We had spent 30-plus years living there and saw a very pleasant, peaceful area slowly turned into a dangerous slum by the unchecked proliferation of the homeless.

True, there are some homeless that are there by no fault of their own, but we have found that the vast majority are addicts or just plain bums. Wherever they congregate, crime and destruction follows. We have seen and experienced it first-hand. It is real.

Over the past couple of weeks we’ve noticed an increase in the obviously strung-out street bums on Beacon Avenue in Sidney. We’ve also noticed an increase in tagging (not to be confused with semi-respectable graffiti).

If this is left unchecked, the problem is sure to grow. Hopefully we have not spent a large amount of time and money moving to Sidney only to have the problem follow us.

Denis and Yolanda Corbett

Crisis in health care means long hospital waits

As a cancer patient, undergoing weekly chemotherapy, I require weekly blood tests. The blood work must be done at a hospital to get timely results to my oncologist.

Appointments are unavailable. I was advised to go to Royal Jubilee Hospital at 7 a.m. and I would be “fitted in.” I was fitted in, as an urgent cancer patient, after a 3.5-hour wait!

I get up at 5:30 a.m. every Tuesday, drink a glass of juice and drive to RJH. By 6:15 I am in line with many other people hoping to get blood work done. A text line opens at 6:30 a.m. to assign numbers to waiting patients.

I recently felt quite sick (due to chemo) as I stood in the lobby for 45 minutes until the lab opened at 7. Within a few minutes of opening, patients were being told the wait would be three or four hours.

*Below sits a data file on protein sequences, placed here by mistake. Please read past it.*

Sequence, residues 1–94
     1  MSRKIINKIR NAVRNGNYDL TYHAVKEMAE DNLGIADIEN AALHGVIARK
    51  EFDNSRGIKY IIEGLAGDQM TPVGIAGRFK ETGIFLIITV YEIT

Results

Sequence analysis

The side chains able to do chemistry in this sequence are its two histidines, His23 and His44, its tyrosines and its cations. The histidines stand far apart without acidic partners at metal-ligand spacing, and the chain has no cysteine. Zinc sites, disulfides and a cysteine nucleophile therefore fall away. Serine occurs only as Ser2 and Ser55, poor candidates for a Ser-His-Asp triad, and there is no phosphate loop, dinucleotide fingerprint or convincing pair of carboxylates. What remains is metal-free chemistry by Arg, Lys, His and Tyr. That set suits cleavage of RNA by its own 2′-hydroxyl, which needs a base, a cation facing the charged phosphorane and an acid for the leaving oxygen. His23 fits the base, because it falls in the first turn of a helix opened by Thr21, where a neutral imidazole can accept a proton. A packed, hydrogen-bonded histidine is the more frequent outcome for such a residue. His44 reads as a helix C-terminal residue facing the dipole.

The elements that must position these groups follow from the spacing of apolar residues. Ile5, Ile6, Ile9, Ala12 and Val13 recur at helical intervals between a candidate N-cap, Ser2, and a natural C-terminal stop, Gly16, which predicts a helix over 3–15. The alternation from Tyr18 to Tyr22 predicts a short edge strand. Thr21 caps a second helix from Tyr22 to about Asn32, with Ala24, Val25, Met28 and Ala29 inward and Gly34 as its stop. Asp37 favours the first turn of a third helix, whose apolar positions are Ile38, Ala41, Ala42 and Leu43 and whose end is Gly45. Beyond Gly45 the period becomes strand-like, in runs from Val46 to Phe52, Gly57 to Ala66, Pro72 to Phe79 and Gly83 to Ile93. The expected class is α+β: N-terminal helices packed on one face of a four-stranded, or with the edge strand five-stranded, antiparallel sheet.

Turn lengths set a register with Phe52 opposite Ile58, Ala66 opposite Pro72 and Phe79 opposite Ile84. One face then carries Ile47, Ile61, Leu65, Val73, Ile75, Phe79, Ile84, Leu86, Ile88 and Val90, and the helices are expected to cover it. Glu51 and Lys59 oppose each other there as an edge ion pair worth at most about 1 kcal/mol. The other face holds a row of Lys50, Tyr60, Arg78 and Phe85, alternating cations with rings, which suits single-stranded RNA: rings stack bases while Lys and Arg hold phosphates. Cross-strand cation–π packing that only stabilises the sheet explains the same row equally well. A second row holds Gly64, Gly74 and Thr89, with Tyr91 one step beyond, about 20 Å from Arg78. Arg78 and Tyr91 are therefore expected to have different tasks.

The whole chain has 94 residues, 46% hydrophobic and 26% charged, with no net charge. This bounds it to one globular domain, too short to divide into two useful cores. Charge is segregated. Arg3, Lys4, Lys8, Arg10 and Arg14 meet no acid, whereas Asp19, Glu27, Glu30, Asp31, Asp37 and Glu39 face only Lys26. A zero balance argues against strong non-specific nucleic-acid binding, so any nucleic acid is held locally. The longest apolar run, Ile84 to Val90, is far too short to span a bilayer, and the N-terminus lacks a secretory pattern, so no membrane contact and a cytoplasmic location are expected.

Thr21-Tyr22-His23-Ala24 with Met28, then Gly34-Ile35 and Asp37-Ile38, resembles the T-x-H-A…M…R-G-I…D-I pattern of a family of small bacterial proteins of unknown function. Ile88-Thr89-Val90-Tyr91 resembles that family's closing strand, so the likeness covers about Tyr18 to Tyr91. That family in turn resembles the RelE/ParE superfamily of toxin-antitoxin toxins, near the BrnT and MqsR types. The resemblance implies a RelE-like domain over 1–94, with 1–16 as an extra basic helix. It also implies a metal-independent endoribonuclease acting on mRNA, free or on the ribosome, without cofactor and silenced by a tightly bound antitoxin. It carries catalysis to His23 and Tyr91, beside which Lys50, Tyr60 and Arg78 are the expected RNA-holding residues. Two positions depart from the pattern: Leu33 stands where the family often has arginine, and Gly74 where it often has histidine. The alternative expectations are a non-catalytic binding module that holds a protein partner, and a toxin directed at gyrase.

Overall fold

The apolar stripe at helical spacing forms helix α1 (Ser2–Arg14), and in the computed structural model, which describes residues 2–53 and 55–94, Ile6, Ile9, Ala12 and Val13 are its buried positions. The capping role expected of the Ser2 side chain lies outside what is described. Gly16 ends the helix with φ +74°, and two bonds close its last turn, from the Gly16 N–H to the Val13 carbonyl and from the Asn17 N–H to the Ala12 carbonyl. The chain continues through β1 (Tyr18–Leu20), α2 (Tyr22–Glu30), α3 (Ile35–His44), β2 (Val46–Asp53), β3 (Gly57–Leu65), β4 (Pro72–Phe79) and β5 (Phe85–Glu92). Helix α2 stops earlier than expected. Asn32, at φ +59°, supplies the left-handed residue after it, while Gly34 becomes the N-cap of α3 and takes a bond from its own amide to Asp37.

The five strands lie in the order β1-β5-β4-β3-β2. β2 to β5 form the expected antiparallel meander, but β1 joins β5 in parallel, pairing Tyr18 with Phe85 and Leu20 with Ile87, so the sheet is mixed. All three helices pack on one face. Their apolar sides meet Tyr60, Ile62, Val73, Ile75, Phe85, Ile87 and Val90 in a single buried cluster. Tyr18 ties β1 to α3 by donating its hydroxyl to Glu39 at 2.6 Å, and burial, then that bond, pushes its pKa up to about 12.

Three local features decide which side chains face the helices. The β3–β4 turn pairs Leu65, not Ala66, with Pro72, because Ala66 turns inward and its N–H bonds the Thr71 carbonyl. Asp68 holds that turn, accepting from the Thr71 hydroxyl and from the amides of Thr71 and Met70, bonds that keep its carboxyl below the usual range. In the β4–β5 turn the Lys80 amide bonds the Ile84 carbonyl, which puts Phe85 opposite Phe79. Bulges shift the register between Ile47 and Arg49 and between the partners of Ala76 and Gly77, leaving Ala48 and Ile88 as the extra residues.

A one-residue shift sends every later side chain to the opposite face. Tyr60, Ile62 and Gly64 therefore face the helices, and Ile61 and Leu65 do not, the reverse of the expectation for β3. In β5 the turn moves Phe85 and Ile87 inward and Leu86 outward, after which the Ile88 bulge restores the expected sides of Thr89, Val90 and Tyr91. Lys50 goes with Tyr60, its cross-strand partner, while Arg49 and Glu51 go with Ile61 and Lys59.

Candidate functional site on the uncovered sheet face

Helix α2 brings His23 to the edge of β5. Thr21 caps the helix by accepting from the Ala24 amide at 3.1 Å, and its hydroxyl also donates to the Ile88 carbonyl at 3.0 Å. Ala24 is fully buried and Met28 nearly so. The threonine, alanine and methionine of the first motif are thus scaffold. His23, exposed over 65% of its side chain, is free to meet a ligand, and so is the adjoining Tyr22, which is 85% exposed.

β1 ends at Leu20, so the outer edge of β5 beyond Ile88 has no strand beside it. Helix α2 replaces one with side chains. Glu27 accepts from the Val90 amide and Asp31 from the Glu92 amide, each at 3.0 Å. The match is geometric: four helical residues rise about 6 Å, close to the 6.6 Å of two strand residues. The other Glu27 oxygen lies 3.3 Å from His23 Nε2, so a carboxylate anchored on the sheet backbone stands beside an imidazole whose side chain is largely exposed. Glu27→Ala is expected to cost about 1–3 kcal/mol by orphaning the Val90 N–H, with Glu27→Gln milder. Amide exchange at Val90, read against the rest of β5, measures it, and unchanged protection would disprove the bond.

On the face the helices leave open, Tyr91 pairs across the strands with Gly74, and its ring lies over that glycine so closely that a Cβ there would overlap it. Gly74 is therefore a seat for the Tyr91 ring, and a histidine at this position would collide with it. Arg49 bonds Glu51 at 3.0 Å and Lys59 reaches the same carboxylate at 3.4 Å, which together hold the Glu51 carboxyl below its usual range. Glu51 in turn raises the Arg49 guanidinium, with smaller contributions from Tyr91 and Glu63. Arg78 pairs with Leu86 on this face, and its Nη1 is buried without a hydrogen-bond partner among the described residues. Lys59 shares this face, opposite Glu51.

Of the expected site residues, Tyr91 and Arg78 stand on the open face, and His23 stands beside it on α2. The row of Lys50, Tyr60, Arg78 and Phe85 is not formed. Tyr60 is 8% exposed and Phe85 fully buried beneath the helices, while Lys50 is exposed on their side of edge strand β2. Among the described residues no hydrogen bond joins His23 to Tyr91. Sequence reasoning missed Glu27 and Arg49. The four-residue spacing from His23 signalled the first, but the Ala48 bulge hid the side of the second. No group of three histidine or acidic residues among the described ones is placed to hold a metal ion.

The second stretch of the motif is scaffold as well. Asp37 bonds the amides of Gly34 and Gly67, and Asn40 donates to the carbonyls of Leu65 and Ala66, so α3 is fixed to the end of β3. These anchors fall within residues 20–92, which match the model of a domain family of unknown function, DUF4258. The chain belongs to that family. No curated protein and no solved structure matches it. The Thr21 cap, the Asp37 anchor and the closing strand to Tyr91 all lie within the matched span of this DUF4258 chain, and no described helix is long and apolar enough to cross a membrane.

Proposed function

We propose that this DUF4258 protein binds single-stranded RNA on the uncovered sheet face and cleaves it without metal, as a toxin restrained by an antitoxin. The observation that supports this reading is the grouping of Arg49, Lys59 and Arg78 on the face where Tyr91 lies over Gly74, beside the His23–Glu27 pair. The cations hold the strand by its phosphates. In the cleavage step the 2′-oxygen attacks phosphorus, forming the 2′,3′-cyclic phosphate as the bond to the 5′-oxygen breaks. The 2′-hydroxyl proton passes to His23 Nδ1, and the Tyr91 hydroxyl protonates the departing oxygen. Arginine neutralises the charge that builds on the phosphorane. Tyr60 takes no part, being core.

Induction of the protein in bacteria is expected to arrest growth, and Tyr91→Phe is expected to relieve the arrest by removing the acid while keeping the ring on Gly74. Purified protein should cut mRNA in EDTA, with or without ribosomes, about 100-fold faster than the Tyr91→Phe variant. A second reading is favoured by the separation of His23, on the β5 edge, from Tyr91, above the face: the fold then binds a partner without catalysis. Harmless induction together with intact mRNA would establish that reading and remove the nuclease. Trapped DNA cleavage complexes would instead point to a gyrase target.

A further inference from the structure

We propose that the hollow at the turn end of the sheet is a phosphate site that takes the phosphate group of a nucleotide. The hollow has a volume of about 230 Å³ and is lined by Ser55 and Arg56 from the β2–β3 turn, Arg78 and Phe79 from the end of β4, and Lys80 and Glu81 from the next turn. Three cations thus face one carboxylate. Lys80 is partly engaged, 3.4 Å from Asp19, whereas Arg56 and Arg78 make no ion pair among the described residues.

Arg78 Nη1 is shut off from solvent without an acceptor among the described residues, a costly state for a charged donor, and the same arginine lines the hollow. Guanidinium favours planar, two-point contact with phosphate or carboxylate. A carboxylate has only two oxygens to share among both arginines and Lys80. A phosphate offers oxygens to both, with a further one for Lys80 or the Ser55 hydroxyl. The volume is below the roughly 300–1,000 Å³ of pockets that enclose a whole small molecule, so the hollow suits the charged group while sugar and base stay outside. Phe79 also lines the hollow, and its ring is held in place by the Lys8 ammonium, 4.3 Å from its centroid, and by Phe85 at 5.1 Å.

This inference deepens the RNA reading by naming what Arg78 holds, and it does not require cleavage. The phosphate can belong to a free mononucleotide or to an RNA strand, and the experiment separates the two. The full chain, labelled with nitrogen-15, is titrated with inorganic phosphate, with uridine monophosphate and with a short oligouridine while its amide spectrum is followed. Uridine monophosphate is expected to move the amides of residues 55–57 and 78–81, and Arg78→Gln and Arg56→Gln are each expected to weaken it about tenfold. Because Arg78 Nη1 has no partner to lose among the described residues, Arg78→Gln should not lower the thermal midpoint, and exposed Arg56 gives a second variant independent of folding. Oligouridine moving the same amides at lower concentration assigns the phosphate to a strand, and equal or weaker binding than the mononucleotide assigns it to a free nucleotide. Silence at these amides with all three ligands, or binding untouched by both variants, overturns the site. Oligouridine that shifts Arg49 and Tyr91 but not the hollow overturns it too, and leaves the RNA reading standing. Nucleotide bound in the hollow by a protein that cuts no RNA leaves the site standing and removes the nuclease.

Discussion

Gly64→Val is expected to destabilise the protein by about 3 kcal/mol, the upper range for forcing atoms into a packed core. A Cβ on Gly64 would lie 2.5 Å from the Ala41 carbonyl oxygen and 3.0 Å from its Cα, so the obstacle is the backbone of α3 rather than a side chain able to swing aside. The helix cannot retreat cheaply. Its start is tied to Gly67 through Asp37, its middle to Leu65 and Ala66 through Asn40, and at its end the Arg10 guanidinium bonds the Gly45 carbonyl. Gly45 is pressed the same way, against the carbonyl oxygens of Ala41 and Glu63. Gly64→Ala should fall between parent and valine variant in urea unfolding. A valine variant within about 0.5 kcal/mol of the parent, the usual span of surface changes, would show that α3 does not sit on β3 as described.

This system is broken. Technicians who draw blood do the clerical work to register patients. This is a task more appropriately done by clerical staff. Doing so would free the technicians to focus on drawing blood.

Sick people are waiting hours to have essential blood work done. The staff are overworked and stressed. I witnessed a little old lady bent over her walker being told to come back in four hours. She simply said “Thank you” and left.

What kind of health-care system is that?

Patricia Haakonson

Interchange needed at Island View Road

Re: “Keating flyover cost estimated at $76.8M, up 73% since 2019,” June 4.

The Keating flyover project needs to go back to the drawing board. It does not address the need for traffic to travel to and from Sidney/North Saanich.

$76.8 million will be spent and commercial trucks will still be passing directly in front of an elementary school and down the dangerously narrow Saanich Crossing Road. Why would we spend nearly $100 million to build a flyover that only addresses half of the problem?

In 10 years we are going to be building another interchange at Island View Road to address this. Let’s just do it properly the first time.

Michael Greig
Central Saanich

Plenty of housing in Saanich suites

There is no accommodation shortage in Saanich. A stroke of a pen that could open up hundreds upon hundreds of suites.

Housing in Broadmead includes 1,200 single family homes; most have suites that were purpose-built, fully compliant. Saanich issued building permits for occupancy of those secondary accommodations.

But here’s the insane part. There are no legal rentals allowed. It’s a condition on an antiquated building scheme from the 1970s. If one was to presume that say 80 per cent of those 1,200 single family homes have secondary accommodation and 80 per cent of those suites are vacant, that’s potentially 750-plus empty suites.

Those 750 suites could be opened up to young families and local workers, which then would open up accommodation downtown for others in a domino effect.

Where is the morality in those antiquated restrictions, the compassion and empathy? It’s shameful and ignorant.

Doug Coulson

Another vote against social media

Re: “Social media? Not for me, thanks,” letter, June 11.

He could not have said it any better. With only the exception of his long experience at sea, that letter could have been written by myself.

G.R. Saunders